"Harvey's better!" they chanted, over and over.
"It was nice," Harvey said, "but we've got a long way to go."
Harvey and Strasburg paired off for the first time in their careers, with many projecting the celebrated 24-year-olds will duel far into the future. Harvey (4-0) was equal to the challenge and started out fast, striking out leadoff man Denard Span with 98 mph heat.
"I came out a little too pumped up," he said.
Davis and Duda hit solo home runs in the sixth -- the first time Strasburg (1-3) ever had been tagged twice in an inning -- for a 4-0 lead. The 26,675 fans at Citi Field broke into the "Harvey's better!" chants that bounced around the ballpark.
"There's going to be a lot of years you're going to talk about this guy," Mets manager Terry Collins said.
Davis added a two-run homer in the eighth and Duda hit a solo drive off Drew Storen.
Harvey gave up one run and four hits in seven innings, striking out seven. He's been so dominant, his ERA actually went up, from 0.82 to 0.93.
Strasburg allowed four runs, two unearned, and five hits in six innings. He fanned six, flinging fastballs in the upper 90s.
Strasburg played down any extra emphasis on opposing Harvey.
"It's funny, because you guys want to make a big deal out of all this, but every game's huge for me. I want to go out there and want to help this team and it doesn't matter who's facing us," he said.
As for Harvey, "he's got good stuff. He's pounding the strike zone. It's still early, obviously, a lot of our guys haven't really faced him that much," Strasburg said.
Harvey gave up just one hit through five innings, a sliced double by Strasburg, before running into his only jam in the seventh. A leadoff walk and singles by Ian Desmond and Chad Tracy made it 4-1, and a throwing error by second baseman Daniel Murphy loaded the bases with no outs.
Collins wasn't about to pull Harvey, even though the pitcher's spot was due up first in the bottom half of the inning.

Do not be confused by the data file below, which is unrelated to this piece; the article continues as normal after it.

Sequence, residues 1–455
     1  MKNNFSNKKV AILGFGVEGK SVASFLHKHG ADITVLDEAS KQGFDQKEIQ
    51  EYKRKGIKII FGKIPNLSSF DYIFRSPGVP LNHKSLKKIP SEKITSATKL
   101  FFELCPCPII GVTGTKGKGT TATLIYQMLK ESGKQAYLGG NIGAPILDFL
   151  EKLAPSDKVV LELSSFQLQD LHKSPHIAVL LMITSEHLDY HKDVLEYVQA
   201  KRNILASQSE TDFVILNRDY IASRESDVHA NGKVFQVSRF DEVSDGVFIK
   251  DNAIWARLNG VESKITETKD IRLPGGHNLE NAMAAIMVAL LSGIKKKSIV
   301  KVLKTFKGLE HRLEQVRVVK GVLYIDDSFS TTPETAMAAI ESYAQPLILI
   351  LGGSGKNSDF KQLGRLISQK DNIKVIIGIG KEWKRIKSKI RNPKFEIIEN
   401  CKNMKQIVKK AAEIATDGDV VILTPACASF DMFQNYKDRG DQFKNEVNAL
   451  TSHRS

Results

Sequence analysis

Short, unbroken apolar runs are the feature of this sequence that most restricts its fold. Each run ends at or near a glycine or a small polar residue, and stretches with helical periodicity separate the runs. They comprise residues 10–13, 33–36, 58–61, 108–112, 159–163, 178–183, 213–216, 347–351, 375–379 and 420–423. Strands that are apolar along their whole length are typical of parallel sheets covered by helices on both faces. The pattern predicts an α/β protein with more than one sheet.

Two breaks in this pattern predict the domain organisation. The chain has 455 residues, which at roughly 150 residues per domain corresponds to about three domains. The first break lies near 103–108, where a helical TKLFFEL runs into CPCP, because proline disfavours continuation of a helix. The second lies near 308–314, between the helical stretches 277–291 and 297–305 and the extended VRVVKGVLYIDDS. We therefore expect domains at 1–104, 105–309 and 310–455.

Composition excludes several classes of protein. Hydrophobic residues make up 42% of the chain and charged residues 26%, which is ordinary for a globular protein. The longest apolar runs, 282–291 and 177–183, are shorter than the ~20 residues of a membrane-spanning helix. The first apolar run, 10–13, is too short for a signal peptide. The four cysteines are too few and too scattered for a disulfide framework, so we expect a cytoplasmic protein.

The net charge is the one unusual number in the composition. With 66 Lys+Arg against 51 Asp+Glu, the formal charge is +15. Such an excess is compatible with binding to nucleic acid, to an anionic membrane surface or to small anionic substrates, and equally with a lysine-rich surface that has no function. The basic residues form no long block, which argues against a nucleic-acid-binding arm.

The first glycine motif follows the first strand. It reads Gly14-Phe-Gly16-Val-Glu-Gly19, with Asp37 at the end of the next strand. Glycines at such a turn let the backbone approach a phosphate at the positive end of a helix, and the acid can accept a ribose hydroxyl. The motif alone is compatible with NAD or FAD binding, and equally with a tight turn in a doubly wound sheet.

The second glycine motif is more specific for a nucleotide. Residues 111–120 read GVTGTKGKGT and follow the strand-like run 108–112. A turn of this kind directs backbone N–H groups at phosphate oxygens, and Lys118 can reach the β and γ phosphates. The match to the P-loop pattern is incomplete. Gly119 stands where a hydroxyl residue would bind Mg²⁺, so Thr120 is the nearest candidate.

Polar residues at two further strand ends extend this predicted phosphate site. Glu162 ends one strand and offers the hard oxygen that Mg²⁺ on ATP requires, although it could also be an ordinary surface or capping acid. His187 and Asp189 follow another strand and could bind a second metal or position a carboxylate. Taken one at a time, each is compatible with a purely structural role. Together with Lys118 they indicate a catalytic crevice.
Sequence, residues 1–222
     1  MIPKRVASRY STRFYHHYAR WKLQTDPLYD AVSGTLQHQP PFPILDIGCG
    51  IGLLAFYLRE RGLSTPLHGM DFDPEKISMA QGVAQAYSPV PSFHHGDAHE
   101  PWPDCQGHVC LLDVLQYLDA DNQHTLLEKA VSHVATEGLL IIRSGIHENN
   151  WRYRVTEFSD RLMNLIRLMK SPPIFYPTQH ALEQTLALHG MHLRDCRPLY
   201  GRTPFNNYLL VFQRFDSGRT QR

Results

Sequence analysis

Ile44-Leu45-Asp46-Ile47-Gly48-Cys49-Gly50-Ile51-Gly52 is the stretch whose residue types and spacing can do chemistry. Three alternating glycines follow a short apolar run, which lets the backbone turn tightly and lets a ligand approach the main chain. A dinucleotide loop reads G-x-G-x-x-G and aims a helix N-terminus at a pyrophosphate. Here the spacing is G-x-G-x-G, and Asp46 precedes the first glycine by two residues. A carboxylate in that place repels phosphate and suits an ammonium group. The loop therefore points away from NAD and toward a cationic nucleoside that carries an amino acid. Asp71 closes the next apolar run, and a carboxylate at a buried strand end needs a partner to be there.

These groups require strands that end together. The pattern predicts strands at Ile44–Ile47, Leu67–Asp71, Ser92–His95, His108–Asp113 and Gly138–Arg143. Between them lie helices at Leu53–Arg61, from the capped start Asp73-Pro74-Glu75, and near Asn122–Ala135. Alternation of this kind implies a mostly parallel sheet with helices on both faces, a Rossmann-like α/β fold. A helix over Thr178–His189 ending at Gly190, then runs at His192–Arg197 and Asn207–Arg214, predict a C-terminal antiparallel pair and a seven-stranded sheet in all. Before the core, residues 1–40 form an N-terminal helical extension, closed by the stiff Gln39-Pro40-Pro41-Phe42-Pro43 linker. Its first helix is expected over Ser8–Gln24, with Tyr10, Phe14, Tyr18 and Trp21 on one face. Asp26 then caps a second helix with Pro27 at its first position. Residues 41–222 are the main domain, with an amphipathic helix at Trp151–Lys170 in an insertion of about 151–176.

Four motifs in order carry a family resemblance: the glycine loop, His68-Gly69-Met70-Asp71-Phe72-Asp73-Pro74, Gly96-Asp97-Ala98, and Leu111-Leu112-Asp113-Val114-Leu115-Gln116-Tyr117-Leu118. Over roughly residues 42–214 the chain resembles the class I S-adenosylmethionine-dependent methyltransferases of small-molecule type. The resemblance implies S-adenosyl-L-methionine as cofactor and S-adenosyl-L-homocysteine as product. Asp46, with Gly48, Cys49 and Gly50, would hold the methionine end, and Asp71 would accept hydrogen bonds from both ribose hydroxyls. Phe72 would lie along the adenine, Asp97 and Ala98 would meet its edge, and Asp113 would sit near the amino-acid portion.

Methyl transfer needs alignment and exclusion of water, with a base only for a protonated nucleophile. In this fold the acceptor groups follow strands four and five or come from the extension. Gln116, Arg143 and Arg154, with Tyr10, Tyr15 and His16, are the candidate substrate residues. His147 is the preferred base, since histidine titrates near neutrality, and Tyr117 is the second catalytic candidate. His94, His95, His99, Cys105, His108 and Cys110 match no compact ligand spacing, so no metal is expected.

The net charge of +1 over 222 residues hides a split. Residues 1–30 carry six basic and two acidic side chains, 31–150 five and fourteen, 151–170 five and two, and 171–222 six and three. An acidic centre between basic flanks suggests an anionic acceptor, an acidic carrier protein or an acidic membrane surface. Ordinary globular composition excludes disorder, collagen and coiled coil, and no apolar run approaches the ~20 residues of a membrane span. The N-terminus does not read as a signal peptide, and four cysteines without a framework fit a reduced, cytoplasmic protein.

"I knew I needed to make a pitch," he said.
Harvey showed composure far beyond his years, quickly getting ahead of Kurt Suzuki and then making him chase a slider for strike three. Pinch hitter Roger Bernadina was next, and Harvey got him on a foul popout.
With the crowd chanting his name, Harvey ended the inning by retiring Span on a routine grounder. Harvey watched the play, pumped his fist and got a fist bump from catcher John Buck outside the dugout.
"He pitched great, but that's the mark of a true ace," Collins said. "Games like that can spread to great seasons."
Moments later, the crowd cheered again when the video board posted a message that the second Boston Marathon bombing suspect was in custody. That news prompted some fans to chant "U-S-A!"
Harvey and Strasburg each stand 6-foot-4, and their stature as right-handed flamethrowers loomed large as many around the majors touted this matchup.
With fog swirling around the top of the scoreboard at the start, the Mets took a 2-0 lead in the first. An error by shortstop Desmond set up Strasburg's wild pitch that scored a run, and Buck added a single for his 20th RBI this season.
Harvey grew up in Connecticut and recently said he'd heard about those crackling Friday nights in the 1980s when Mets phenom Dwight Gooden pitched at Shea Stadium. Doc was at Citi Field for this game and gave Nationals manager Davey Johnson -- the Mets' skipper back then -- a big hug behind the cage during batting practice.
"Good to be here," Gooden told a fan on his way toward the field. "Fun night."
Said Harvey: "When I was younger, I wanted to be that guy."
"For him to come out for one of my starts, it was kind of mind-boggling," he said.
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